Cleveland, the True Birthplace of Superman

Comic book fans and city activists hope that people think of the Ohio city, and not Krypton, as the home of the Man of Steel

Cleveland is slowly beginning to recognize its role in creating the superhero who stood for "Truth, Justice, and the American Way." (Jim Bowers,

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Meanwhile, the old Siegel house was falling into disrepair, as was Glenville. Kimberly Avenue, where Siegel lived, has few longtime residents—there were 11 abandoned houses on the boys’ block alone—but Hattie and Jefferson Gray, the couple who lives in Siegel’s old house, have owned it for decades.

Visiting comic book writers and fans often asked Sangiacomo for a tour of the Siegel home, and he would drive them by the place. Two years ago, he took best-selling thriller and comic book writer Brad Meltzer by the house, and the pair was invited inside. After seeing the condition of the interior, Sangiacomo says, “I realized we had to do something.”

Sangiacomo and Meltzer decided to raise money to restore the house. Melzer uploaded a video of himself at the house that went viral. He followed by sponsoring an auction of comics-related art, raising over $100,000 in the process. Sangiacomo and Meltzer formed the nonprofit Siegel and Shuster Society, and asked the Glenville Community Development Corporation to take charge of restoring the house, in partnership with the Grays.

According to Tracey Kirksey, executive director of the Glenville CDC, her group offered to buy the home from the Grays. But “they have lived there for over 20 years and were not interested in selling the family home to us.” Before the Glenville CDC proceeded with repairs, though, the Grays agreed to give the group first right of refusal should they decide to sell.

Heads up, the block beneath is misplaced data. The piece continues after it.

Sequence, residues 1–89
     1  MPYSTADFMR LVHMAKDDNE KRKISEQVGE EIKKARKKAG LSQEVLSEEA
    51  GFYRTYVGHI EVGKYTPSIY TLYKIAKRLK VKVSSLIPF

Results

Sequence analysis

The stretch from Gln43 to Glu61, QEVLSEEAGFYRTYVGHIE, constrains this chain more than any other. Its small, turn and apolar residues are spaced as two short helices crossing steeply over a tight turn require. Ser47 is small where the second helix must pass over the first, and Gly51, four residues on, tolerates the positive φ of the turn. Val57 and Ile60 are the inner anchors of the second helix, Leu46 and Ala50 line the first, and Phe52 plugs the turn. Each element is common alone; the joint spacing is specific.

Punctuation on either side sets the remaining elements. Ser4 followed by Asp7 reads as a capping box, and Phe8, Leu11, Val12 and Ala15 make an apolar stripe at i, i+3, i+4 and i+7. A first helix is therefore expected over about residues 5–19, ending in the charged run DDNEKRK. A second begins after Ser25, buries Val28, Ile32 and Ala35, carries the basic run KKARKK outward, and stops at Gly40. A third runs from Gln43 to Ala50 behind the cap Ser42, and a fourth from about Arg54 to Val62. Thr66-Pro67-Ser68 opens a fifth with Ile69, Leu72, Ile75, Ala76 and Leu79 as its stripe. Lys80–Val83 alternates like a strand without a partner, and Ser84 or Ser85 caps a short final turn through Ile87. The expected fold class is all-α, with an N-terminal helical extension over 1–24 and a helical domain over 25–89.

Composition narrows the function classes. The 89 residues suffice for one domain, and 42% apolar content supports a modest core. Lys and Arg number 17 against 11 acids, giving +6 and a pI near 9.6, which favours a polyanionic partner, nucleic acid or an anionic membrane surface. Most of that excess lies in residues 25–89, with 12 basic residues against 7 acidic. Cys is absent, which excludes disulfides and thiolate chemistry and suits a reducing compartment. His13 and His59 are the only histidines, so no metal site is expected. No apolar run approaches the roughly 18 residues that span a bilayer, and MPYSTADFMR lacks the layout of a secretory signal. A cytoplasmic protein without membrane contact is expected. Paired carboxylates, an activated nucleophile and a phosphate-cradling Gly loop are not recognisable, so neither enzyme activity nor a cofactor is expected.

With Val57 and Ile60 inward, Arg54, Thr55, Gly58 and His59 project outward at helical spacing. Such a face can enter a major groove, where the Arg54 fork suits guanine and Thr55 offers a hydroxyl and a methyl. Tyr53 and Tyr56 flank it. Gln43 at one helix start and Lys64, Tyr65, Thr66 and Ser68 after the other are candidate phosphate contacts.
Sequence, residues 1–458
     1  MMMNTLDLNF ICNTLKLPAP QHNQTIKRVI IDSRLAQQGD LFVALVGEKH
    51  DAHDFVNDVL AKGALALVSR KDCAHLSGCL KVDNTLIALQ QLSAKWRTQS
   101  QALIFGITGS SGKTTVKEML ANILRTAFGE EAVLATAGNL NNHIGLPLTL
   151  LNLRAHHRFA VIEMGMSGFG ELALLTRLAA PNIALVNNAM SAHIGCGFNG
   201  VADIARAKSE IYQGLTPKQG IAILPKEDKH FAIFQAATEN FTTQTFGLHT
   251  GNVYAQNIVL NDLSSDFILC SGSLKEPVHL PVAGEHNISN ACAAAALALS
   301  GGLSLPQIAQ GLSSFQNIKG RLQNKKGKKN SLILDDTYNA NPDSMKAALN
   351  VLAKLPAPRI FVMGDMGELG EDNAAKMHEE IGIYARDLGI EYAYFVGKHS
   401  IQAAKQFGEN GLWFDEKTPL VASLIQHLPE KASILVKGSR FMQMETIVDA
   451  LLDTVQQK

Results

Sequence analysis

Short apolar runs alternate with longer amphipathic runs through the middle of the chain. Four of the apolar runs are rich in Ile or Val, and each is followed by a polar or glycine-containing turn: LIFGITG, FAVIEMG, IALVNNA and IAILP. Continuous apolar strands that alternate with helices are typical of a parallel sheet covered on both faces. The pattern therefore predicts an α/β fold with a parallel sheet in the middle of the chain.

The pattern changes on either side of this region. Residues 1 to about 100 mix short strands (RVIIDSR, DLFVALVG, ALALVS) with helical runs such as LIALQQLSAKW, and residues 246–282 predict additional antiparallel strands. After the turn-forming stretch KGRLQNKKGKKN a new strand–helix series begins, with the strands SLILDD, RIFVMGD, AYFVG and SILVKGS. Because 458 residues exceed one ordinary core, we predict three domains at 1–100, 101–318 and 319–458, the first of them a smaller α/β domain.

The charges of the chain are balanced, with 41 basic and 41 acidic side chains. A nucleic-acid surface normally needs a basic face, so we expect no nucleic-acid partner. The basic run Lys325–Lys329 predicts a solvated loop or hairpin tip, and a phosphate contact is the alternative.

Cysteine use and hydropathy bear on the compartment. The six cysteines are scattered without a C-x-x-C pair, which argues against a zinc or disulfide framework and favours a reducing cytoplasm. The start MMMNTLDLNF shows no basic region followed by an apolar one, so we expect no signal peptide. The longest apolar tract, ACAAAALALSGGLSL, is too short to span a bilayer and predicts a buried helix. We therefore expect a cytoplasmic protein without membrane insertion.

The Glenville group took charge, hiring contractors to repair a leaky roof, redo the siding, improve the landscaping, and paint the house Superman blue and red. A plaque was installed honoring Siegel. Written by Sangiacomo and Meltzer, the plaque says that Siegel “was a teenaged boy who lived here during the Great Depression.” “Jerry wasn’t popular,” it continues. “He was a dreamer, and he knew how to dream big.” The plaque ends with the aphorism, “[Siegel and Shuster] didn’t just give us the world’s first super hero.…They gave us something to believe in.”

Proud of the house’s historical importance, the Grays participated in the 2009 ceremony to unveil the plaque, which was affixed to a steel fence (for the Man of Steel) with a large red Superman shield at its center.

Where the Shuster house once stood, the Glenville group installed another fence with six poster-size reproduced plates of the first appearance of Superman in Action Comics #1. A seventh poster proclaims, “On this site once stood the home where Superman was turned from words into pictures.… With the creation of Superman, these two friends showed the world that the most ordinary of us can turn out to be the most heroic.”

The city finally took notice. Tracey Kirksey had been trying, like Sangiacomo, to have the city tear down abandoned houses, “but it never seemed to be a priority.” With the Siegel house restored, the city has now demolished seven houses on Kimberly Avenue, Kirksey says, and is now looking to “green-up the lots and replace those houses with new developments.”

The Siegel house is still owned by the Grays and not open to the public, but Sangiacomo hopes it may one day become a museum. “I’d love to turn it into a mecca for comic book lovers from across the world, into a place where people visiting the city could come and walk through it and see where Jerry created Superman, to turn it into something Cleveland could be proud of.”

Kirksey has more ideas, too, such as a permanent sign at the Cleveland airport, or a Superman statue. The best spot for such a statue? Perhaps downtown, underneath the place where the billboard of LeBron James once hung.


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